Tuesday, April 13, 2010

What is being "Natural"?


I know you’ve either witnessed or partaken in the questioning and/or argument over what constitutes being a “Natural”. The “how natural you REALLY gotta be before you can attach the label saying you’re such, and if you don’t meet the nappy requirements by those who’ve appointed themselves the all knowing naturals, you’re exiled,” argument. LOL!

I’m being dramatic, but it really gets silly after awhile. Almost as bad as the good hair/bad hair mentality, where if your hair is a certain way, it’s “good” and anything outside of that is “bad”.

Let me break it down for ya. *steps onto soapbox*

If we use commercially produced products with ANY man-made/laboratory created ingredients, technically, we’re not “Natural” because there’s nothing natural about the synthetics we’re using.

But then you might say, “Well, those products may not change the texture/structure of your hair, so your hair is still natural.”

I say, “Why are we still trying to categorize what’s considered natural?”

So, if you color your hair and it doesn’t change your texture, can you still consider yourself natural? It’s not your natural color, right? Still contains synthetic ingredients being deposited into your hair. What’s “natural” about that?


My point isn’t to further fuel the debate. It’s merely to show how utterly ridiculous it can become. The incessant NEED to validate or invalidate what is or isn’t becomes redundant after awhile, and rather counterproductive and separatist.

Bottom line is this: Stop focusing so much on what OTHER people label themselves. Being natural is interpreted differently for different people. It’s not right or wrong, IMO. It’s all about perspective and perception. Yes, it can be deceptive (to some) if someone does a bunch of things to their hair that changes its natural appearance, but that’s not your burden to bear. And yes, it can be misleading to those who may use those individuals as inspirations. But that’s when self-love and acceptance eventually comes into play, and regardless of what’s used (on their hair or not), that person will eventually (hopefully) come to love everything about themselves. Including what grows out of their scalp.

To me, going against societal conditioning/norms is far more important and revolutionary than anything. Who would’ve thought being YOU and embracing yourself as you were made would be considered revolutionary? Maybe I’m just being a total optimist, but anyone that can go from relaxing their hair all of their lives to wanting/learning to embrace their kinks is a GOOD THING. You can’t change years of brainwashing and conditioning overnight. You can’t expect to have folks all of sudden “loving” the hair they were born with when they’re accustomed to living the lye. Encourage our sisters; don’t tear them down because they may not have experienced that natural hair epiphany that YOU HAVE. Everyone’s journey is different. Everyone’s perceptions and goals are different. Everyone’s MOTIVATIONS for going natural are going to be different. The ultimate goal should be in helping each other achieve the healthiest hair possible, not getting involved in natural hair hierarchies and semantics!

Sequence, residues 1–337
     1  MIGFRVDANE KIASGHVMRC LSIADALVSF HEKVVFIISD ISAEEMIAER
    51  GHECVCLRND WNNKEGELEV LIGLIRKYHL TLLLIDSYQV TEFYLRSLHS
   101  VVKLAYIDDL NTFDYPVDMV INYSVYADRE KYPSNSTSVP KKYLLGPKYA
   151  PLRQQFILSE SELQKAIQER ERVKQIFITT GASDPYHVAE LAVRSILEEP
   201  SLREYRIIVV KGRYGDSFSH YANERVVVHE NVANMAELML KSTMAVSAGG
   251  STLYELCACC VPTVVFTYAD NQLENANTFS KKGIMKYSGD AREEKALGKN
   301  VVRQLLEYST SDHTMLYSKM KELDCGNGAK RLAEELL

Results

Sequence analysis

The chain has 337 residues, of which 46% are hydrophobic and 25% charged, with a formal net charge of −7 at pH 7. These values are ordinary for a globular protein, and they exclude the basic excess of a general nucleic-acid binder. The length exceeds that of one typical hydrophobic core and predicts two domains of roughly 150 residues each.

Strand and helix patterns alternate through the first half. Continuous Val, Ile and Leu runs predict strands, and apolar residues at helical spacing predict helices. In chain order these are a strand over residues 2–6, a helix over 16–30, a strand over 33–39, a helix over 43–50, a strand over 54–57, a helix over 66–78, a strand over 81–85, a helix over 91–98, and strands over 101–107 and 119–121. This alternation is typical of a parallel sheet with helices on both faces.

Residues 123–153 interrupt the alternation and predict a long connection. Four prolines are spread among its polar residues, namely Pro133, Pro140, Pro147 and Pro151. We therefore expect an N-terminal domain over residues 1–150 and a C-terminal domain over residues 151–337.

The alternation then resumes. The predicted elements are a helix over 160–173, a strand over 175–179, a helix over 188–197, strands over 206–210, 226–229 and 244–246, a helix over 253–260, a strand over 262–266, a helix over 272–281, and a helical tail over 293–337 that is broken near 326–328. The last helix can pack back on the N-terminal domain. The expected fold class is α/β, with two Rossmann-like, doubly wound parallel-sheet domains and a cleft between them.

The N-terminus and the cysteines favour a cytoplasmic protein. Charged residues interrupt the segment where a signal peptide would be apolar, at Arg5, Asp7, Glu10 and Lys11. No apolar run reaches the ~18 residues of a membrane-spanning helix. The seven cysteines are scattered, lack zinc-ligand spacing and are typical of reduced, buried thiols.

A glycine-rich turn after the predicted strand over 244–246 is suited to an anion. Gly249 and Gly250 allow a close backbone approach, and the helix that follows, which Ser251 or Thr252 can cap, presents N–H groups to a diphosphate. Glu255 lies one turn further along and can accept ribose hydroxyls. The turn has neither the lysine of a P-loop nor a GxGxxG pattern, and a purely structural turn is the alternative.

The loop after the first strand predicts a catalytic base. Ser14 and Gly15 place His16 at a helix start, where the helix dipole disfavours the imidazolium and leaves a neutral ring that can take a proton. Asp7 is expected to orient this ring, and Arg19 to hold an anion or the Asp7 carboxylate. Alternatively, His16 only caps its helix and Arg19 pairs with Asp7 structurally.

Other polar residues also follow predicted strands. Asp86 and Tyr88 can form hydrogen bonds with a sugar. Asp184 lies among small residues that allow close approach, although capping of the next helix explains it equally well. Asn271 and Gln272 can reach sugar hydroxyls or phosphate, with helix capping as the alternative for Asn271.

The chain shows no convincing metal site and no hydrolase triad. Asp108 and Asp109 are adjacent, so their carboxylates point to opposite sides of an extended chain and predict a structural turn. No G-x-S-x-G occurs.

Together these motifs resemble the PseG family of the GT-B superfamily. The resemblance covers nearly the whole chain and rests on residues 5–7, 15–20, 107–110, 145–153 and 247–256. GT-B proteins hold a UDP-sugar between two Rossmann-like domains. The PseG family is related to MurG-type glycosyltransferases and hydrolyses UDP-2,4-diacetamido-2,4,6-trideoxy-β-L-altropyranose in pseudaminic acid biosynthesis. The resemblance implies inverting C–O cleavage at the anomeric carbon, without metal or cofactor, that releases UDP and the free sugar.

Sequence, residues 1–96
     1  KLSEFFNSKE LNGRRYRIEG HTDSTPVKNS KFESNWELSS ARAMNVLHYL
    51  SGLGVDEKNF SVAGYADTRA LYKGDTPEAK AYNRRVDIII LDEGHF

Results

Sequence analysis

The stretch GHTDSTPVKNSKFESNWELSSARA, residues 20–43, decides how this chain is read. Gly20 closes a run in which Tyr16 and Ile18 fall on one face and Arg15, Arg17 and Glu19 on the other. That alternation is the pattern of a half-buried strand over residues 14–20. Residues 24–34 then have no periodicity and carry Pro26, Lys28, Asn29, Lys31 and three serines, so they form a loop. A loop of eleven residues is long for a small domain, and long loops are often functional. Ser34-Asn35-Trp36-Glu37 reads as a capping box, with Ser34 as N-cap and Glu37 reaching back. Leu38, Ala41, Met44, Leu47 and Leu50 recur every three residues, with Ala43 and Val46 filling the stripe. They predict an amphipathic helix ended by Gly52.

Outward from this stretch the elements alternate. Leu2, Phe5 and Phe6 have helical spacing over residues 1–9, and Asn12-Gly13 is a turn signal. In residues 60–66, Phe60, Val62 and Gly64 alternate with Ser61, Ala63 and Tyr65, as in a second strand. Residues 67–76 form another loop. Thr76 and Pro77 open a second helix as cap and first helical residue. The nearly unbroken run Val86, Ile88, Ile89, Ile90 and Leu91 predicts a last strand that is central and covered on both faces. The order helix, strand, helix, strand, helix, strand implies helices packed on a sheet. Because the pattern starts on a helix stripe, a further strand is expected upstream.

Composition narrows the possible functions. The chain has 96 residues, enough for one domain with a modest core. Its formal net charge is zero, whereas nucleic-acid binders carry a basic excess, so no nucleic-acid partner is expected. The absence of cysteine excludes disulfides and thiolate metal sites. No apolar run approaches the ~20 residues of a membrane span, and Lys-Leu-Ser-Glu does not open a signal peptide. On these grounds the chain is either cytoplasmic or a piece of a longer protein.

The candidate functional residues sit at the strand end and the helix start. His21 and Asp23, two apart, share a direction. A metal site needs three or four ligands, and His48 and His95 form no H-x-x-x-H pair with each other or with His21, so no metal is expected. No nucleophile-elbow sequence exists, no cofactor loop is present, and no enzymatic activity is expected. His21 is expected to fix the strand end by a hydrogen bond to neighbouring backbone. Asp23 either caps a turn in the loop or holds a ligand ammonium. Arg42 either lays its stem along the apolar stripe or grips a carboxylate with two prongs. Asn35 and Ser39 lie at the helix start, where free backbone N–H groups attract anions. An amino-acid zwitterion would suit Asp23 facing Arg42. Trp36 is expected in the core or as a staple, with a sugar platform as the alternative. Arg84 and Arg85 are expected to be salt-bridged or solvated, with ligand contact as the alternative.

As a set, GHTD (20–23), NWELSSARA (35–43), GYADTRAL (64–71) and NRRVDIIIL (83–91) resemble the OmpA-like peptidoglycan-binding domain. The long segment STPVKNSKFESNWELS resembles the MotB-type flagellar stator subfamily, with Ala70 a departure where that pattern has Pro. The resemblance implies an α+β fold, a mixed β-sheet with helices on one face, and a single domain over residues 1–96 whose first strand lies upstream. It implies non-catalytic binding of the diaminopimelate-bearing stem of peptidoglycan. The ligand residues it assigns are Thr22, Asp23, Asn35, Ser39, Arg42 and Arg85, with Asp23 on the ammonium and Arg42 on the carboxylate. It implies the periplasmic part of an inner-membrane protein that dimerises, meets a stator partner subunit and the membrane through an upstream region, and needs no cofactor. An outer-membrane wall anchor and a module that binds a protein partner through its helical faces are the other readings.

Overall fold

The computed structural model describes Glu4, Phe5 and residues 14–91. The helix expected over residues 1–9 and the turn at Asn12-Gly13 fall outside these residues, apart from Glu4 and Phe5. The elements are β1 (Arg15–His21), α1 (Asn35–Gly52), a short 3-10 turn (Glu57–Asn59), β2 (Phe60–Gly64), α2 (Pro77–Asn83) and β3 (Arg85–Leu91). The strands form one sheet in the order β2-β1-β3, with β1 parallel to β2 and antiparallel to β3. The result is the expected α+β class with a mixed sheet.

*steps off soapbox* ;)


Ashley said...

I totally agree with everything you said in this post. Instead of trying to tear each other down for we are/aren't doing, we should be that support system that we ALL need or will need as some point. I've really enjoyed reading your blog so far. Keep up the great work!!!

KP said...

Thank you SO MUCH! The argument gets so tired. We all just need to be supportive of each other, and leave the drama elsewhere.

And I will continue to try to put out good pieces for as long as folks enjoy reading them. :)

Vida Starr said...

That last paragraph really hit the nail on the head!!!!! Great post!

KP said...

Thanks, Vida Starr! I think some ladies spend so much time on differentiating "naturalness" that they forget about just being overall supportive of each woman's personal journey!